A group of large law firm knowledge management professionals of which I am a part recently conducted a survey of legal project management (LPM). Thirty firms participated; here are highlights I found interesting and some comments.

In 2010, only 40% of the firms had started an LPM initiative. By this year, 62% had and, counting firms that anticipate starting in the next 12 months, the percent goes up to 80%. Given where we were in 2008 – probably close to zero – this is impressive growth. But dig a little deeper and the picture is mixed. The survey has findings that point in both directions. (All stats below are for firms with an LPM initiative.)

Positive signs include:

  • Leadership supports LPM. My categorization of free-text answers to an open-ended question about the role firm leadership finds that in 75% of firms, leadership plays an important role. With that much senior support, new initiatives are more likely to succeed.
  • Three quarters of firms have “officially launched” LPM.
  • The drivers of LPM – specifically, 75% of the firms cite both client demand and the need to meet budgets and AFA – likely will not diminish anytime soon.
  • Though LPM may be nascent, it is already affecting how firms practice. About 40% of firms report that that LPM has catalyzed other changes such as using more technology, adopting Lean or Six Sigma techniques, or shifting to lower cost resources.

In contrast, there are negative signs:

  • Only 40% of firms have hired anyone into a new position to support their LPM. Given that many lawyers need to help to do LPM, this may not bode well.
  • Only one-third are marketing their LPM initiatives to clients. I would have guessed more would advertise LPM to clients. The explanation may lie two other findings: (1) only 40% of firms doing LPM report tangible successes to date and (2) almost all firms say that fewer than 25% of lawyer and fewer than 25% of new matters use LPM. I take heart from some comments saying it is still early days but these are troubling outcomes for LPM advocates.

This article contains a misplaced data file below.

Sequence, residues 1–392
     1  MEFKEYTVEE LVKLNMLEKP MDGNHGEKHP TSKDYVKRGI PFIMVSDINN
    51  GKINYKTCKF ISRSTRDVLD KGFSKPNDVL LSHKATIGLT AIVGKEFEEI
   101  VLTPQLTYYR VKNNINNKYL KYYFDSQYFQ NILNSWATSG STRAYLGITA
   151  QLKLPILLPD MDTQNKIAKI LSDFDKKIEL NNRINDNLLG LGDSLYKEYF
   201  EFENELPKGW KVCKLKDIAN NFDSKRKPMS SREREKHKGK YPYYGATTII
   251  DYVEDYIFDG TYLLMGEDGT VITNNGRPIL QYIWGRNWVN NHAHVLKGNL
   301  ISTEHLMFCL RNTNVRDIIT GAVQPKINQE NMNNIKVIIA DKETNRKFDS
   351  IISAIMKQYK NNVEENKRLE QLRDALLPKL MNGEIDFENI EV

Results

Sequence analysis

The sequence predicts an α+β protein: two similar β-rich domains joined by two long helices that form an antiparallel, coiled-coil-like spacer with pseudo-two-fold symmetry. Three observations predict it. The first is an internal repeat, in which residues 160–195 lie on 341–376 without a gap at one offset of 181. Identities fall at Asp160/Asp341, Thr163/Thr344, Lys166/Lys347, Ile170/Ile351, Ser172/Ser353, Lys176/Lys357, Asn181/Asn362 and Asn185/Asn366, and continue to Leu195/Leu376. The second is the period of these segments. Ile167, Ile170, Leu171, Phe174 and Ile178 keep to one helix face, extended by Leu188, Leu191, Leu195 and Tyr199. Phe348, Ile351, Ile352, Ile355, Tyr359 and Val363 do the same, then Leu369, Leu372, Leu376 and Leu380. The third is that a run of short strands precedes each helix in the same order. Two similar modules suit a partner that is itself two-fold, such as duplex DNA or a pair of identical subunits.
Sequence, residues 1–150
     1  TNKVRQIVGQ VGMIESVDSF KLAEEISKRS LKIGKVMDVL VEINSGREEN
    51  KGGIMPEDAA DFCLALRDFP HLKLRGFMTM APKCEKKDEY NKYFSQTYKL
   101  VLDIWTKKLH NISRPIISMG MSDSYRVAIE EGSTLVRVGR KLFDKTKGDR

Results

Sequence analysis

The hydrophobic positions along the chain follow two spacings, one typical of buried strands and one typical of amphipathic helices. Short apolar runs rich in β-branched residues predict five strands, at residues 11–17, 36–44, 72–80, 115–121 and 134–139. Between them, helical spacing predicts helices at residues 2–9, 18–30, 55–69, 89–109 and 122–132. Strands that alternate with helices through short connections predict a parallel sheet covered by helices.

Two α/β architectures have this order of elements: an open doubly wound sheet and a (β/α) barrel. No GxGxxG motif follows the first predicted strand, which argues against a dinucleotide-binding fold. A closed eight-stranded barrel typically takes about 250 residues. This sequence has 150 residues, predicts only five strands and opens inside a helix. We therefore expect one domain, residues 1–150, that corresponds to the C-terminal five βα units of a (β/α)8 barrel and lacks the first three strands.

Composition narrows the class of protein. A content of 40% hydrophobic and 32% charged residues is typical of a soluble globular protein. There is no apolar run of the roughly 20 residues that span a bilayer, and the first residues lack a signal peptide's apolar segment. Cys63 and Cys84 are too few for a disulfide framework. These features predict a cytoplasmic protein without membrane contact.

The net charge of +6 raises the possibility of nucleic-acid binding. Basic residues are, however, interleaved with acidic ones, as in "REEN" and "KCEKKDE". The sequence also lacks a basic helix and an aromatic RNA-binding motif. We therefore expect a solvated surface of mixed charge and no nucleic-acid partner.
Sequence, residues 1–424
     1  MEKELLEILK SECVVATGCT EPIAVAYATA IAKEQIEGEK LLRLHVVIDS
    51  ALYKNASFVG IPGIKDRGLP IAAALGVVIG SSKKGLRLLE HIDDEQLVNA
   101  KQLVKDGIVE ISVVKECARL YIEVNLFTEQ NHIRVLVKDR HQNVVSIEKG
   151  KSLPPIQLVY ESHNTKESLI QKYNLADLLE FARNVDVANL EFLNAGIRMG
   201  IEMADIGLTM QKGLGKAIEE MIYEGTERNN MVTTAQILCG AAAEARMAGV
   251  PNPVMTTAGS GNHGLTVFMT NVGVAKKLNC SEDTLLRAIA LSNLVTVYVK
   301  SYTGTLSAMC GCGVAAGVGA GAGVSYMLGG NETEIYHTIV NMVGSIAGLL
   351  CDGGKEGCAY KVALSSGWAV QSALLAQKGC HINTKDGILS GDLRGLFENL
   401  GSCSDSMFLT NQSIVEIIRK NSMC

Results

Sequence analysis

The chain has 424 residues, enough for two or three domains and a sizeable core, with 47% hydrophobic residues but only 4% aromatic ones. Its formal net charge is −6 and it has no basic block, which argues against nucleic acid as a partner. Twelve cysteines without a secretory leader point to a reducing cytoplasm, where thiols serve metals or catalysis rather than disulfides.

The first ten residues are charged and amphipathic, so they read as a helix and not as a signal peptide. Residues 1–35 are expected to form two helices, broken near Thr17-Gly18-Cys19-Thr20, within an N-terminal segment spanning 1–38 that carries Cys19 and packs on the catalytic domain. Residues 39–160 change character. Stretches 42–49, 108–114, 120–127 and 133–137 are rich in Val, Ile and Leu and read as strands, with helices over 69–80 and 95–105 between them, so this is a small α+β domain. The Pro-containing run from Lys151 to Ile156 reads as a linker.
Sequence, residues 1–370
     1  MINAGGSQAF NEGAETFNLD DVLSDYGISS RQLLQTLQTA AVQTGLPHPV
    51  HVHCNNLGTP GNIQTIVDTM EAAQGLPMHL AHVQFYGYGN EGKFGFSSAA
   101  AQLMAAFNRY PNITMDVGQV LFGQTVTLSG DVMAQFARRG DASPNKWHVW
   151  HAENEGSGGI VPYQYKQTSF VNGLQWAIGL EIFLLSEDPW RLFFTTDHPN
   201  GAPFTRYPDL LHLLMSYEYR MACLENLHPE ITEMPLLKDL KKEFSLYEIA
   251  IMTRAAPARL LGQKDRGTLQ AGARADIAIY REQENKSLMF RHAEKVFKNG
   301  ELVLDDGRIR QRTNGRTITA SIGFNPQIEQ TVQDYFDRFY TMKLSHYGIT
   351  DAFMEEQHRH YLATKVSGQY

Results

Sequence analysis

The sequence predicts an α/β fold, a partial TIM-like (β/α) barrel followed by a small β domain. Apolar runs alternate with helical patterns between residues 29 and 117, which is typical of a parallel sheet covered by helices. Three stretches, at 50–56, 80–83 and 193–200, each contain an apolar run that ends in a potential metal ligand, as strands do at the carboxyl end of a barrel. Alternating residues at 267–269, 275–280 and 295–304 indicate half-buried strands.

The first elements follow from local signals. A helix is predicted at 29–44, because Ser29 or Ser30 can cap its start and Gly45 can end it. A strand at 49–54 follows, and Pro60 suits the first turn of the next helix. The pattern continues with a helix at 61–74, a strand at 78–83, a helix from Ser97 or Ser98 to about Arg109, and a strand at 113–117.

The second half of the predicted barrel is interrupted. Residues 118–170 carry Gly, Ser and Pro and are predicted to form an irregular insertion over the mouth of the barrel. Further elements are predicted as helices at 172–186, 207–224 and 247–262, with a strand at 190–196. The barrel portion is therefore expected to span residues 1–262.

Additional interesting findings:

  • Roll out strategies include a single practice, a small group of lawyers across practices, multiple practices and firmwide. I was surprised that almost one-third of the firms with an LPM initiative are rolling it out firm-wide.
  • Of the firms with an LPM initiative, KM plays a leading role in 20%, a participatory or advisory role in 65%, and no role in 15%.
  • Only 40% of firms hired a consultant to help with their LPM initiative.

On balance, I would say these findings are very encouraging for LPM believers. Both the introduction of technology and marketing in large law firms arguably took about a decade. So LPM is off to a fast start in comparison.